Transference of this type is no easier in more complex federal systems. Olivier Beaud examines the examples of Switzerland and America and then looks at “Federations of Republics”. He underlines the very ambivalent character of the federal clauses that guarantee federal States a legal right to a republican regime. While these clauses enable member-States to preserve the form of political existence that they have chosen, they could also become a tool of the federation to limit the constitutional autonomy of member-States or justify questionable federal intervention. Here we find a tension typical of federalism; federal law is both the guarantor of the political identity of States and a potential agent of their involuntary transformation.

In line with Montesquieu, Olivier Beaud also observes that a Federation whose member-States have heterogeneous forms of government is intrinsically more fragile. From here comes the tendency within more enduring Federations (like Switzerland), to a rapprochement among member-States’ political regimes. This movement of homogenisation often reflects back on the federal apparatus itself: through mimesis, political functioning generally ends up approaching the form of the dominant government. In its monarchic form, this tendency seems to be confirmed by the history of the German second Reich. Initially intended by Bismarck as a republic of monarchies, the Empire progressively drifted towards an increasingly monarchist form of functioning. This is how the progressive relegation of the Bundesrat to the profit of the Emperor and his administrative apparatus should be analysed.

With these details dealt with, Olivier Beaud concludes the work with a reflection that is worth citing. While the State is always defined by the sole criteria of sovereignty, the Federation is characterised by a series of opposing principles: “The principle of federative duality (there are two public powers in a Federation), the principle of federative parity (the federal legal and federated legal orders are equal), the principle of federative plurality (there is a federation but necessarily several member-States). None of these features are to be found in a State.” (p. 423-424) Thus, by recapitulating his fundamental reasoning, Olivier Beaud demonstrates the operational character of the Federation.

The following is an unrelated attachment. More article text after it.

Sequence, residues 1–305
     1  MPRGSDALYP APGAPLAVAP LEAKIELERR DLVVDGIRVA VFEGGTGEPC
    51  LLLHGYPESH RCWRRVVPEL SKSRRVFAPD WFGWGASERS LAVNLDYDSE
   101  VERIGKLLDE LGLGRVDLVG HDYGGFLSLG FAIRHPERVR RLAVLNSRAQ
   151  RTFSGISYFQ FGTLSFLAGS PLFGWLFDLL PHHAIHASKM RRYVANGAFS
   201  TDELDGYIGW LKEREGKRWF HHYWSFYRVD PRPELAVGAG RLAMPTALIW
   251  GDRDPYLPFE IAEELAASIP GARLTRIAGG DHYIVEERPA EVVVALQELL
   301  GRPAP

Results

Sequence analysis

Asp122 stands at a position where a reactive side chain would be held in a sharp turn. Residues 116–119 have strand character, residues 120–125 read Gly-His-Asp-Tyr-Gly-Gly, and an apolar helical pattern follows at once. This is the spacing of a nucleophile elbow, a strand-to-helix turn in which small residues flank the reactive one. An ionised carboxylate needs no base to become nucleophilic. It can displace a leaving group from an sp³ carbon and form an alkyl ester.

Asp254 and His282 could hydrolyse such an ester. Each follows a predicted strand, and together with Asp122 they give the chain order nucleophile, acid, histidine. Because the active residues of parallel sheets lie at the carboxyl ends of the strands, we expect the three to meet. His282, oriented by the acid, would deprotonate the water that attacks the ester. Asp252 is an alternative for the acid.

Constitutional law as political law

As we can see, the primary merit of the work is to honour the promise of its title. In these pages we indeed find a new theory of Federation, and a different way of envisaging and understanding the phenomenon. This constitutes the work’s strength but also its difficulties; it is hard to break with established paradigms and reinterpret subjects we already think we know with new-opened eyes. However Olivier Beaud has made things considerably easier for his reader. The theses forming the framework of the work are introduced and summarised at the start and end of each chapter and are always carefully explained and abundantly illustrated. The book had great clarity and is written in a simple strong language that makes the writing legible to non-legal-experts. This formal aspect should not be underestimated as it demonstrates a theoretical project that, while not fully explicit, is still very real: to break the isolation of constitutional law by resuming dialogue with the other social sciences.

The originality of this approach resides above all in the author’s methodological and doctrinal choices. By re-introducing purpose and intention into the definition of political forms, Olivier Beaud inscribes himself in a largely neglected tradition of legal theory: that of institutionalism, of which Maurice Hauriou and Santi Romano were the main upholders. Olivier Beaud stands apart from the jusnaturalism of a Hauriou. To him the federative telos is not a supra-positive and eternal essence. It is instead a social and historical project that covers essentially political interests. As a result in a concrete case, the political purpose of an institution can only be grasped at the price of historical, political, and even economic analysis. Hence the reintegration, in the work of Olivier Beaud, of extra-legal data often considered superfluous by many of his colleagues. In a doctrinal landscape dominated by legal dogma (that is to say by the systematic analysis of judicial decisions), one has to praise the profound originality of an approach that sets out to inject an intrinsically political dimension back into constitutional law. The historian, the political scientist and even the philosopher can genuinely delight in this. Not only because their work is liable to find an unexpected echo among legal experts, but also because in return they will benefit from new analytical tools that they will be able to use to describe and explain their own subjects in a more relevant way. While the Théorie de la Fédération is indeed the work of a legal theorist, the form and content show that he is not only addressing law studies.